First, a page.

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The Film Room: Breaking down the positives of Marcus Mariota's rookie season

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Marcus Mariota‘s rookie season ended early due to a sprained MCL in his right knee, but he was still able to pass for 2,818 yards (7.6 ypa) and 19 touchdowns. He also ran in two touchdowns on the ground and caught another one. In this video, we will take a look at his touchdowns to see the general trends of how he scored in his rookie year in the NFL.

In the next article, I will take a look at his interceptions to make a similar comparison and see how he can improve in the future.

Touchdowns by Distance

First, we will take a look at his touchdowns by distance. This chart is directly created by the distance from the line of scrimmage to the end zone. For example, a screen pass at the line of scrimmage that goes for a 16+ yard score will count as "Deep." Additionally, touchdowns ran into the end zone by the quarterback were accounted for here.

Deep (16+ yards)
8
Medium (6-15 yards)
7
Short (0-5 yards)
7

Touchdown Location

The next table breaks down more accurately where the ball was actually caught. As such, the totals may different from the table above. Note: This table only includes his passes.

Deep Left
Deep Middle Deep Right
2
4 0
Medium Left
Medium Middle Medium Right
0
3 1
Short Left
Short Middle Short Right
2
1 6

Touchdowns by Quarter

The following table breaks down his touchdowns by quarter.

1st
5
2nd
5
3rd
6
4th
5
OT
1

Touchdowns by Receiver

Here are the recipients of his touchdown passes during the 2015 NFL season.

Delanie Walker
4
Dorial Green-Beckham
3
Anthony Fasano
2
Craig Stevens
2
Harry Douglas
2
Kendall Wright
2
Bishop Sankey
1
Dexter McCluster
1
Jalston Fowler
1
Justin Hunter
1

Touchdowns by Route

The next table breaks down the touchdowns by route thrown. Similar routes were combined together based on the distance and type of pass.

Slant/Quick-In
4
In
3
Out/Flat/Quick-Out
3
Seam
2
Drag/Drive
1
Endzone Fade
1
Go/Deep Fade
1
Hitch/Comeback
1
Post/Corner
1
Screen
1
Spot
1

My Three Takeaways

  1. 13 of Mariota's 22 touchdowns were while the Titans were trailing their opponent.
  2. Mariota tended to force plays down the field.
  3. Mariota showed advanced pocket awareness and great footwork for a rookie.

Mariota needs to stay healthy and keep progressing. The Titans drafted offensive tackle Jack Conklin from Michigan State with their first round pick this year to help protect him on the right, then took running back Derrick Henry from Alabama in the second. They then took UMass receiver Tajae Sharpe in the fifth round, and while that seems late to expect much from a player, Sharpe was the FBS leader in catches last season and is drawing rave reviews in the offseason. (Every year there seems to be one day three receiver who gets a lot of attention. Also think of Doug Baldwin's rookie season after going undrafted.) In addition to the draft, Tennessee traded for DeMarco Murray and made a great underrated signing of Rishard Matthews.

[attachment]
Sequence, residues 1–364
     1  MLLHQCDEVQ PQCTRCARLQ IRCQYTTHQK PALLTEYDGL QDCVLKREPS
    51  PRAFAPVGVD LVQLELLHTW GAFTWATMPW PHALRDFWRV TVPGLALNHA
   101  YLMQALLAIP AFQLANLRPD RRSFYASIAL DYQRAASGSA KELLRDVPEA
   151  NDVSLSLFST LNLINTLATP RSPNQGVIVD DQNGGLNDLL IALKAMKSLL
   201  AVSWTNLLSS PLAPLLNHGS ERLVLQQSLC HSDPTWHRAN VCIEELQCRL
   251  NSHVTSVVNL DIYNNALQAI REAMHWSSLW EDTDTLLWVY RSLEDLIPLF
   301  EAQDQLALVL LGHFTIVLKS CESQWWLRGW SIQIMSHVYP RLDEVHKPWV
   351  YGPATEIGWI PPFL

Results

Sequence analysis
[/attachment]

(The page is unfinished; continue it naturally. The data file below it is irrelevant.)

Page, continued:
Now start to consider a bit more with Mariota's second season compared to his first:

- Three of Tennessee's five offensive lineman are recent first round picks in Conklin, Taylor Lewan, and guard Chance Womack.

- The Titans have retained receiving weapons Delanie Walker (over 1,000 yards in 2015), Kendall Wright, Justin Hunter, Harry Douglas, Craig Stevens, and Dorial Green-Beckham, while adding Matthews and Sharpe. Out of those eight players, you would think that Mariota can get comfortable with at least four or five of those guys. Most likely Walker, Wright, Matthews, Green-Beckham, and Sharpe.

- He's gone from having Antonio Andrews as his running back to having Murray and Henry, with Andrews and Bishop Sankey as the backups.

- They're playing on a last place schedule in one of the NFL's worst divisions.

- The defense added second round picks Kevin Dodd and Austin Johnson, while taking Kevin Byard in the third. (Remember, they acquired a bevy of extra picks thanks to trading down.) Which could take less pressure off of Mariota and the offense; Tennessee was dead last on offensive DVOA but actually 23rd on defense, so there's a decent chance they could have a top-20 or top-15 defense, which will keep the O fresh and off the field more often. Additionally, Danny Kelly recently wrote about how the "exotic smashmouth" offense could make the Titans one of the more fun teams to watch this season.

Overall, it seems like there's good reason to suspect that Mariota will improve upon these already-good rookie numbers as he heads into his sophomore campaign.